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Addicted to Work: When Hard Work Doesn’t Pay Off

Do you think about work all the time? Do you compulsively check work-related email or texts, even when on vacation or when spending time with family and friends? Do you work frantically to avoid feeling like a failure? If so, you could be a workaholic, according to Workaholics Anonymous.

Being a workaholic may not seem all that bad. After all, it’s important to have a good work ethic and to give 100% on the job. But there’s a difference between a high performance worker and a workaholic. One of those differences is that while high performance workers tend to express high job satisfaction and feelings of accomplishment, workaholics are likely to feel stressed out, burned out, and unproductive.

Why Being a Workaholic is Bad For Business

Workaholics and high-performance workers may both look like stellar employees. They both work hard and value productivity. The difference is that workaholics work in ways that sabotage their efforts toward greater productivity, leading them to be less productive and less satisfied with their efforts than their colleagues.

Research suggests that workaholism is closely related to internally motivated perfectionism. People who derive their sense of personal identity from their performance at work or on other tasks tend to undermine their own productivity by setting standards of completion so high that they can’t be achieved. They often feel incompetent and unproductive, making it difficult to leave work behind when they are with friends or on vacation. Work is the dominating aspect of their lives.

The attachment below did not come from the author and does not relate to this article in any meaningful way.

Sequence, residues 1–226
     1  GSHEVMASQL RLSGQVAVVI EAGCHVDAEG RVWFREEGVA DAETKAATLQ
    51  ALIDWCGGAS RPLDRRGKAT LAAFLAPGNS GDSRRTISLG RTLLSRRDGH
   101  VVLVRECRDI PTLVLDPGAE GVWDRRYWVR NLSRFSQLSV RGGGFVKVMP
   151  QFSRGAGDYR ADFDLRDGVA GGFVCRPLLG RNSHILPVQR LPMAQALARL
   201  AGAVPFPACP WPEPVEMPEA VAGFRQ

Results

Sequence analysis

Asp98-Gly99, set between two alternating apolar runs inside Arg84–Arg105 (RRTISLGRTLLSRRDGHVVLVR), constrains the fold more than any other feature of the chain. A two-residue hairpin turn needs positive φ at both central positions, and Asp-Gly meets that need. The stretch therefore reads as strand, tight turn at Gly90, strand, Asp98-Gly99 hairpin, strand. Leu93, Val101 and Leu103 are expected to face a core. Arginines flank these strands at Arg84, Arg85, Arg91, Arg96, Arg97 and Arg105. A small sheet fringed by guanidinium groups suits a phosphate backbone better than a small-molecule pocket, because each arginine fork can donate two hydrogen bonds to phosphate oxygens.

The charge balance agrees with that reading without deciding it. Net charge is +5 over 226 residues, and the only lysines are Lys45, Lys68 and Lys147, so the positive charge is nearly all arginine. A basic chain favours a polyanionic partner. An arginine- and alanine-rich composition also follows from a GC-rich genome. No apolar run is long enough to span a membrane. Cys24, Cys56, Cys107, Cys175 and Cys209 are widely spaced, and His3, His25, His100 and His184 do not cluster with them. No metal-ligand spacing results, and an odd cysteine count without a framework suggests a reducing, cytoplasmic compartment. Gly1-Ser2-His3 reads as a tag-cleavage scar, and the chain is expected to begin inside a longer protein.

Are Your Work Habits Sabotaging Your Career?

Not everyone who has high work standards is a workaholic. Successful people tend to set lofty goals, work hard to achieve those goals, and put in long hours on the job when needed. So how do you know when you’ve become a little too obsessed with a job well done? Here are 7 signs that you need to step back, take a deep breath, and loosen up a little bit:

  • You derive your sense of self-worth from outside sources.
  • You are constantly busy, but you feel as though you haven’t accomplished much.
  • You have no clear definition of success. The job is never complete.
  • You have difficulty prioritizing tasks. All work seems equally urgent.
  • You judge your success based on a project’s level of influence and/or income potential, rather than based on concrete standards.
  • Work always comes before your own needs for rest, relaxation, family time, or personal interests.
  • Your work habits cannot be sustained over long periods of time. You feel burned out and frustrated with your job, even when you achieve successful results.

High-performance workers value hard work, but they also value their time away from work. Workaholics, by contrast, cannot leave work even when they should. At the end of the day, the workaholic sabotages his or her own career success by creating unsustainable job expectations that often end with leaving to find a new position.

Work-obsessed employees can alienate co-workers when they don’t measure up to arbitrary standards of success. They don’t work well as part of a team, because they tend to take on more than their share of the workload in order to “do it right.” Ultimately, both project results and office morale may suffer as a result of the workaholic’s unending drive for perfection.

Developing a positive work-life balance isn’t easy. But psychologists insist that it is essential for maintaining positive relationships and feeling satisfied with life. By acknowledging the problem, taking inventory of where their life and work currently stand, and determining what changes they need to make to move forward, workaholics can take positive steps toward creating a more sustainable work ethic that fosters creativity and productivity, both on the job and elsewhere.New call-to-action